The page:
In those early years of the Iranian revolution, morality police roamed the streets, seizing women for forced "virginity tests." The marriage age for girls was lowered to 9, though it has since been raised to 13. Girls could not be on the street with men who were not related to them. Veiling for women was reimposed, and the sins of the flesh routinely decried by religious leaders -- though their dictates apparently did not discourage security forces from raping women in custody, judging from accounts in the recent books.
Moaveni's "Lipstick Jihad" is about her journey into the heart of the restless, irreverent Iranian youthquake that erupted from this tightly wound society, where about 60% of the estimated 69 million people are now under the age of 30.
Moaveni grew up in San Jose. But she did not entirely evade the fallout from the revolution; her family and friends avoided identifying themselves as Iranians, instead calling themselves "Persians."
"Being Iranian in this country was not very easy in the 1980s. Being Iranian was associated with the hostage crisis," Moaveni told the students at Cal State Northridge. "It was awkward. We were like, 'We're secular. We don't believe in hostage-taking.' "
When Moaveni returned to live in Iran, she found a country in which the years of official scolding in the name of religion had backfired.
She discovered that the state-sanctioned sexual puritanism had unwittingly eroticized the society, keeping sex as much on people's minds as it was in the rhetoric of religious leaders and morality police.
State religious leaders had turned some people off to Islam so much that they took refuge in New Age spiritualism, swamis and yoga.
The demonization of the "Great Satan" -- the United States -- made young Iranians eager to adopt superficial symbols of American culture as a way to flout their own government. Madonna, "Baywatch" and "Ally McBeal" parties became a staple of their gravitation toward a global youth culture.
They were anything but ascetic: Young people wanted Armani, ski trips, nose jobs.
"The revolution created its own opposition," Moaveni said. "This generation grew up with education and some access to the outside world and the Internet. It's politically engaged, savvy and capable of really smart opposition."
Faced with a society with limited opportunities, her alienated young contemporaries also took refuge in forbidden sexual affairs, smoking, drinking and drugs.
In just a few years, Iran seemed to have changed with or without the consent of the government. Young people began to openly defy dress and behavior codes en masse in an effort to expand the boundaries of their circumscribed lives. Today, Moaveni said, wearing lipstick is no longer verboten, couples walking hand-in-hand are no longer rare, and so many people have satellite television the government has stopped cracking down. In chapters with titles like "I'm Too Sexy for My Veil" and "Not Without My Mimosa" she captures the irreverent spirit that drives these subtle shifts.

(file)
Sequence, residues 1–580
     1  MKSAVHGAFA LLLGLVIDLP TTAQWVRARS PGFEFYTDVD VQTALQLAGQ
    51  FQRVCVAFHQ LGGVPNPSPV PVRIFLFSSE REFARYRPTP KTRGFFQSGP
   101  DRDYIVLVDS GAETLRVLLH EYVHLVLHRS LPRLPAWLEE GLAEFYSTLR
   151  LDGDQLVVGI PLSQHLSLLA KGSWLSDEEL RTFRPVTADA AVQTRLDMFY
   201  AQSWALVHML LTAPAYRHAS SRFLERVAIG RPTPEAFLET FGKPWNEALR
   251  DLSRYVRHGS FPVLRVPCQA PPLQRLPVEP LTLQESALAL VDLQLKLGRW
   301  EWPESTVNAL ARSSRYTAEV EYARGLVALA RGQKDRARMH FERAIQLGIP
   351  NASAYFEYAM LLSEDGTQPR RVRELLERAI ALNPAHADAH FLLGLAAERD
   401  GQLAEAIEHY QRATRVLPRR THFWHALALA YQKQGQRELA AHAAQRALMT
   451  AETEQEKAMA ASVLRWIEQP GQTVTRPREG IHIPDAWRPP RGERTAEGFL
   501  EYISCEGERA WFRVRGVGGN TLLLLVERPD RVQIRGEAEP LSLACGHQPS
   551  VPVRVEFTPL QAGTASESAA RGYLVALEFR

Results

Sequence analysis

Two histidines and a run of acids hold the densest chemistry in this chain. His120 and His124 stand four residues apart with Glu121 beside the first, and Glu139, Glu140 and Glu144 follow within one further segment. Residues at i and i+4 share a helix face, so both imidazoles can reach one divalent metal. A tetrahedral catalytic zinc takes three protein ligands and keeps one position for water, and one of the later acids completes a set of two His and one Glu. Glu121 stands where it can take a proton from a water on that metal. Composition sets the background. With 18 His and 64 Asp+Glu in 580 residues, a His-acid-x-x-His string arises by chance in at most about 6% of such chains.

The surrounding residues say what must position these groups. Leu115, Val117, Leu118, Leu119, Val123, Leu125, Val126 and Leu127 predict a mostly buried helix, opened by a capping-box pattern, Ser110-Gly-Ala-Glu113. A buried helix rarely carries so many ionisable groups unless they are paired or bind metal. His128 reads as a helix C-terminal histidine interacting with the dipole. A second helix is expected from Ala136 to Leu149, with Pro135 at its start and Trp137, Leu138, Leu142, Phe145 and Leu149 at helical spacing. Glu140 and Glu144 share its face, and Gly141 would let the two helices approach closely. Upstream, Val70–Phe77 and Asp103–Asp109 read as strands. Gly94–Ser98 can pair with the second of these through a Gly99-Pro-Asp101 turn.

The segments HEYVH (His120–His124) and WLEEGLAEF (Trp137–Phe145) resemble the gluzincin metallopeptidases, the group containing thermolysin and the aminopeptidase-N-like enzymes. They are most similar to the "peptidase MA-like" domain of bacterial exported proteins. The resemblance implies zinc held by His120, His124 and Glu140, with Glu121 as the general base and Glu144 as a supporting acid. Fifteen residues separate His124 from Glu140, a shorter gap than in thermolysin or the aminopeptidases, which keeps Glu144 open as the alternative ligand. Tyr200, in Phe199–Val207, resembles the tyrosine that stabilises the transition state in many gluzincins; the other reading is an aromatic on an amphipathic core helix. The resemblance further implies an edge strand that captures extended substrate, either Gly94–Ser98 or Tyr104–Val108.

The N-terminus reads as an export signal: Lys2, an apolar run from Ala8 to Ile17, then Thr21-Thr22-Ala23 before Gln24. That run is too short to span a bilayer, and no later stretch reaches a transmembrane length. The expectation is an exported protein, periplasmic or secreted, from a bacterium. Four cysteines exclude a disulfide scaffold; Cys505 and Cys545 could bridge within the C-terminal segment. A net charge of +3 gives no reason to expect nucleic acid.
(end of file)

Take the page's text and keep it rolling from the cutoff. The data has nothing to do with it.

"I think the ugliness of the regime has convinced people that religion and sexuality is private," Moaveni said. "It has bred a greater acceptance of difference. It has taught people that it's divisive and hurtful to a community and a society."
There is still, of course, a dark, thuggy underworld where some Iranians pay dearly for dissent, and self-styled revolutionary morality enforcers called Basiji sweep up unlucky Iranians. Moaveni leads us into this world in "Lipstick Jihad," describing the day she was picked up by the Basiji, who threatened to take her to intelligence officers with a reputation for raping women and beating people to death. But Moaveni was safely released.
She was lucky: In 2003, an Iranian-born Canadian journalist, Zahra Kazemi, 54, was beaten to death in custody after being arrested for taking photographs of students protesting theocracy outside a prison in Tehran. An Iranian doctor who subsequently fled to Canada said he examined Kazemi and found injuries that could only have resulted from torture and rape.
Numerous young Iranian activists have been jailed and brutalized since the 1999 student protests.
"In the wrong place at the wrong time," Moaveni said, "punishment can still be very severe."
In the end, Moaveni concluded, most Iranians are fed up with politics that "follow them into the bathroom and the bedroom" and would like to have a secular government.
But that doesn't mean they're interested in another revolution or a U.S. intervention like the one they see on television from Iraq.
"People are exhausted," she said. "The attitude is: How can we transform what we have now from within, in a peaceful way, without devastating the country?"
Some of the accounts, such as "Inside the Kingdom: My Life in Saudi Arabia" by Carmen Bin Ladin, provide an insider's glimpse of a closed man's world.